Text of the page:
The Supreme Court, while favoring appeals on issues where the intermediate federal courts clash, may still decide to hear a case even if they are in agreement.
“The mandate is the heart of the legislation,” said Zaremski, who isn’t involved in the litigation. “If you excise the heart, the body doesn’t live.”
He added: “The Supreme Court would want to take the case and make a decision, a final decision so that we can go forward.”
Vulnerable to Reversal
Bryant, the Cincinnati law school professor, said the sweep of Vinson’s decision makes it vulnerable to reversal.
“This is such a huge act and there are so many pieces to it,” he said. “To bring it all down is a dramatic judicial intervention into politics.”
The U.S. Court of Appeals in Richmond on May 10 heard the Obama Administration’s challenge to a lower court ruling that sided with Virginia Attorney General Cuccinelli. The U.S. district court judge struck down the individual mandate as unconstitutional while leaving the rest of the act standing.
The appeals panel simultaneously heard an appeal by Lynchburg, Virginia-based Liberty University, which sought to reverse another judge’s dismissal of its challenge to the law.
“All the cases that are deciding the individual mandate are basically deciding the same question,” said Georgetown University law professor Randy Barnett, an attorney for the National Federation of Independent Business, a Nashville, Tennessee-based advocacy group that is a co-plaintiff with the 26 states in the Atlanta case. “If any court strikes the mandate down, that will be as significant as any other one.”
Opposing the Law
Barnett has filed papers -- so-called friend-of-the-court briefs -- opposing the law in the Richmond and Cincinnati cases.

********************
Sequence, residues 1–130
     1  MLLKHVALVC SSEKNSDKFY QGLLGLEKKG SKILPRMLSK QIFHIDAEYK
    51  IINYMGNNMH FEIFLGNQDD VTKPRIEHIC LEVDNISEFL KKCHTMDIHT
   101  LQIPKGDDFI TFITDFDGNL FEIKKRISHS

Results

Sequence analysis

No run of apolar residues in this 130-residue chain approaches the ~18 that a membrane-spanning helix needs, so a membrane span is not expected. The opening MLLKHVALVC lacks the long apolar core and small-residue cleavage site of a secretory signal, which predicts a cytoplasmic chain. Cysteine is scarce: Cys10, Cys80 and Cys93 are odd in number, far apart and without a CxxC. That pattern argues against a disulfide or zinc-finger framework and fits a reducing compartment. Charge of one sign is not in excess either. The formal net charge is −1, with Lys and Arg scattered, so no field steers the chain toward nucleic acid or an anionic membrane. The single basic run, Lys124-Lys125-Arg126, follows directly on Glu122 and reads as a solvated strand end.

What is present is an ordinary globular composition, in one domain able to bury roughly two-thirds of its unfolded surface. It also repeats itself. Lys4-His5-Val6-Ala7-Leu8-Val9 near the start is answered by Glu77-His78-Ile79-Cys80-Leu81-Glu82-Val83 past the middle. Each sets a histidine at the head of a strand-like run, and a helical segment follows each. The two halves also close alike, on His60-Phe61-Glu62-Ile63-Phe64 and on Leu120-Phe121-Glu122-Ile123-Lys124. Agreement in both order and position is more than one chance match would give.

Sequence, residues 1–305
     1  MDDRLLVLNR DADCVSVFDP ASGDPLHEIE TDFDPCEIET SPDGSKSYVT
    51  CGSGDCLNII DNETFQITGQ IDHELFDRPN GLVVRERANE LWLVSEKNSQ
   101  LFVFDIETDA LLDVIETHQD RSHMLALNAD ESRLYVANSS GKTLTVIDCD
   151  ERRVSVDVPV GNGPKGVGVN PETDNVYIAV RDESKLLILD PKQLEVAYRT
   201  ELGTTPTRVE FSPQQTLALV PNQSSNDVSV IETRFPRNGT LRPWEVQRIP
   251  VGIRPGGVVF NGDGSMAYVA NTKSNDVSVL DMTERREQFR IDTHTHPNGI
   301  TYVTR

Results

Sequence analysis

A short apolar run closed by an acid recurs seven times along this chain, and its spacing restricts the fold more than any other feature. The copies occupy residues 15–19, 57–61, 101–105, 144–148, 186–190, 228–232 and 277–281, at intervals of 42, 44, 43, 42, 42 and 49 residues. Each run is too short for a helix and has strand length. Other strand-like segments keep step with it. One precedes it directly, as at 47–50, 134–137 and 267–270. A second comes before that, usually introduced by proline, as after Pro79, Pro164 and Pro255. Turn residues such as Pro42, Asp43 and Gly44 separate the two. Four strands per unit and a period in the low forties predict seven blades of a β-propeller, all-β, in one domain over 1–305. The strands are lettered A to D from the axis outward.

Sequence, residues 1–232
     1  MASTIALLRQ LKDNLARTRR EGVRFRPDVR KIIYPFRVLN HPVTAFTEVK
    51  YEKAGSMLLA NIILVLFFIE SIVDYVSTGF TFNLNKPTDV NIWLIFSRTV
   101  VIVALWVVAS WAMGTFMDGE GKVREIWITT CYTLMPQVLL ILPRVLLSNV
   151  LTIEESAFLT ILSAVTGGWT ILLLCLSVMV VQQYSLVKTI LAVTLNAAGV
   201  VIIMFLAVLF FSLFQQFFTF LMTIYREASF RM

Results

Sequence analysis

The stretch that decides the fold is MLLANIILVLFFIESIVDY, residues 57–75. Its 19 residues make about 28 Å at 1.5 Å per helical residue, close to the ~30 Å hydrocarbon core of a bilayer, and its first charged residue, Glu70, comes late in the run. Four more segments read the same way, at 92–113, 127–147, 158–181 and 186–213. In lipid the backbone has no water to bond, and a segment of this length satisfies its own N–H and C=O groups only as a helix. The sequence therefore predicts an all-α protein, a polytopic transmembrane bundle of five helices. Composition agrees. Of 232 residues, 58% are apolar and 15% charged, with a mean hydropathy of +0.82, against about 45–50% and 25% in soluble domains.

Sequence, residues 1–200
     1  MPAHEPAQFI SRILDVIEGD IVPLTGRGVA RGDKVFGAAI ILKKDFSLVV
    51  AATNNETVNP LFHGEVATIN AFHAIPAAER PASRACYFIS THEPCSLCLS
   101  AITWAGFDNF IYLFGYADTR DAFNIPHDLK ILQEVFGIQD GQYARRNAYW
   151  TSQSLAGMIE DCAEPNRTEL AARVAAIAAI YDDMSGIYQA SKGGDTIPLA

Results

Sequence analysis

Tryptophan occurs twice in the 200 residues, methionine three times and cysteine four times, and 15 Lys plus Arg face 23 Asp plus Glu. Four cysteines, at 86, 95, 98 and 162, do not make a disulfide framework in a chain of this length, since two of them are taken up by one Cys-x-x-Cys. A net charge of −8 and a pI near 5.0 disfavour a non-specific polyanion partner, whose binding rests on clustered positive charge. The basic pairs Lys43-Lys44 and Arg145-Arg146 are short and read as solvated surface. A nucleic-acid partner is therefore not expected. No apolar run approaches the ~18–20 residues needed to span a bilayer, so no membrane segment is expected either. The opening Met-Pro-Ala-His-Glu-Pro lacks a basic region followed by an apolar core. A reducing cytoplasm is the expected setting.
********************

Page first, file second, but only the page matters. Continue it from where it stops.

A three-judge panel in Cincinnati last week heard arguments on a bid by the Ann Arbor, Michigan-based Thomas More Law Center to reverse a lower court decision upholding the health-care act.
Neither the Cincinnati nor the Richmond appellate courts have issued rulings in their respective cases.
Hearing the Atlanta case will be Chief U.S. Circuit Judge Joel F. Dubina, nominated to the federal bench by Reagan in 1986. Sitting with him will be U.S. Circuit Judge Frank M. Hull, a 1994 nominee of President Bill Clinton, and U.S. Circuit Judge Stanley Marcus, who was selected by Reagan in 1985.
Ron Pollack, executive director of the Washington health- care advocacy group Families USA, called Vinson’s ruling “an outlier,” adding, “I don’t think any court will go anywhere close to the scope of relief he offered.”
Pollack’s organization also has filed friend-of-the-court briefs in each case in which it defended aspects of the Obama legislation.
Like Barnett, Pollack said the issue of whether Congress exceeded its legislative powers under the commerce clause is pivotal for the Atlanta panel and for the other appeals courts.
“The mandate is so integrally related to the funding of the entire mechanism,” said Zaremski, the health-care industry lawyer, because it makes it more possible for health insurers to be able to afford to insure any applicant, as they must do under the act.
“If the mandate is unconstitutional, the rest of the act can’t survive,” he said. “Without the mandate, the insurance industry would say, ‘we can’t afford to do this.’”
The case is State of Florida v. U.S. Department of Health and Human Services, 11-11021, U.S. Circuit Court of Appeals for the Eleventh Circuit (Atlanta).
To contact the editor responsible for this story: Michael Hytha at firstname.lastname@example.org.